Without question, the only reasonable chance for the long-term success of a bank of Citigroup's size and scope is to have sufficient capital on hand to offset any economic storm. The company has decided that its future growth is not going to be in North America, but rather, in developing markets in Asia, Africa, and Central and South America. Citigroup defines “North America” as the U.S, Canada, and Puerto Rico. As of March 31, 2012, the North American segment held 42% of bank assets and accounted for 36% of net income in the first quarter. Citigroup is committed to serve the 150 largest cities in the world, and only about 10% of those are in North America. Already 58% of banking assets and 64% of profits are gained outside of North America, and the North American slice of Citigroup's pie, while still the largest of the company's segments, will continue to decline compared to growth outside its home region. The 150 city strategy will place most of the energy of Citigroup's banking activities in emerging market countries, where 116 of the target cities are placed.
If Citigroup were to simply quietly clean up its legacy issues, and carefully re-expand its loan portfolio, the story could have a happy ending. Yet, it seems banks like Citigroup cannot go more than a quarter or two without there being some sort of expensive scandal, typically stemming from the investment bank. And so it goes again as I write this. Citigroup is being dragged into the London Interbank (LIBOR) scandal, which promises to be a doozy. The first of the fines to a dozen or more large banks has been leveled, starting with Barclays (NYSE: BCS), for about $450 million. Barclays also lost its CEO and Chairman due to the scandal.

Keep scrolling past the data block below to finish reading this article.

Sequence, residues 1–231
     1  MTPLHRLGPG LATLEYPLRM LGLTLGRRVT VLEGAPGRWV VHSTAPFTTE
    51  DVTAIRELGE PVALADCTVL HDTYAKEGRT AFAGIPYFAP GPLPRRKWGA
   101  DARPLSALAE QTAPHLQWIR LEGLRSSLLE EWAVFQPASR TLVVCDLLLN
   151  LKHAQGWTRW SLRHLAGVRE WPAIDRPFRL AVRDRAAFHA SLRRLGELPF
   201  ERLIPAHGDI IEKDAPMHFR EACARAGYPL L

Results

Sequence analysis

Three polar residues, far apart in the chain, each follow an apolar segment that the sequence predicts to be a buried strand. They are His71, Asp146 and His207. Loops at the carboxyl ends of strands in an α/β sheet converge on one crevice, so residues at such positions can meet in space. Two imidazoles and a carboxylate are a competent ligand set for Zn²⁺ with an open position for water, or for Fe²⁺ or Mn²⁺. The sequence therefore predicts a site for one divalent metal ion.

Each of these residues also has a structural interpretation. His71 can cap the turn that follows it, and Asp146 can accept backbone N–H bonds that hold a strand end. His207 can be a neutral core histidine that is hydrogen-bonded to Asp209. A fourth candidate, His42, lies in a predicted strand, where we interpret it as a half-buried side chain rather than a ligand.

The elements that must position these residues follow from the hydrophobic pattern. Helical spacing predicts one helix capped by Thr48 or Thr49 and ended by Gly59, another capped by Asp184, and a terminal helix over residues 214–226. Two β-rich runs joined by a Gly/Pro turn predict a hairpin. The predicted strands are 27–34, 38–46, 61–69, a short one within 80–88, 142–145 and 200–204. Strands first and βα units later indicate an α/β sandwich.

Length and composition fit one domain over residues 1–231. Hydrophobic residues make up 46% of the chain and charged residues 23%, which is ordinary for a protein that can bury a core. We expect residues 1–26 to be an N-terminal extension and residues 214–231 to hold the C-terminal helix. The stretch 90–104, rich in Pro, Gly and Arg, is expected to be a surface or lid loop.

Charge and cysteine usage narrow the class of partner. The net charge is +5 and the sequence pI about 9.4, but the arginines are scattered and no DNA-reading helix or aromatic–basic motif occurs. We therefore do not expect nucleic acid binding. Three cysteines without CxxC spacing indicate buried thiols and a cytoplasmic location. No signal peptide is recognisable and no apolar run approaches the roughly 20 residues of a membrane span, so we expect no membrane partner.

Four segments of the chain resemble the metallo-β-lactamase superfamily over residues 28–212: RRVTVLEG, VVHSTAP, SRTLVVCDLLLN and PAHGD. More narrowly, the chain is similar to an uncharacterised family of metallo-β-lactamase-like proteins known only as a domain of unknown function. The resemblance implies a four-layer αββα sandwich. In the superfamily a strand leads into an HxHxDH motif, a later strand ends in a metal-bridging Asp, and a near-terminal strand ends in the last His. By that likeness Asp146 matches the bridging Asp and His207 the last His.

Citigroup's stock has fallen by more than 25% since mid-April, and a case can be made that at least Citigroup has a strategy, and the resources to make it work. I highly doubt it will approach the 1.3% to 1.5% return on assets that it did year after year early last decade, but I also believe there is substantial upside in the three to five year period - more than with any other of this country's trillion dollar banks. So, if you can stomach the occasional unpleasant surprise, I think this is as good a turnaround candidate as there is in the banking sector for a patient investor.
If your time horizon is not that long, another Northeastern Bank that might fit the bill is Buffalo-based M&T (NYSE: MTB). M&T, with about $80 billion in assets, is nowhere near the size of Citigroup, but still ranks among the twenty largest commercial banks in the country. Its earnings in the first quarter of 2012 were flat with the year earlier, but due to some dilution related to M&T's acquisition of Wilmington Financial, per share net fell by 5% down to $1.50 per share. Still, except in quarters when M&T gives tens of millions of dollars to its charitable foundation, this is a reliable achiever of earnings of at least 1.0% of assets. Its debt ratings were recently increased by Fitch's. You are not going to see headlines about M&T splashed across the New York Times, but it is one of the premier large regional banks, pays a generous 3.3% yield, and has a 5-year PEG of 1.4. It is a bit ironic, but this regional is as well suited for conservative, income oriented investors as far larger and more well-known Citigroup is for risk taking growth investors; but that is the way it is.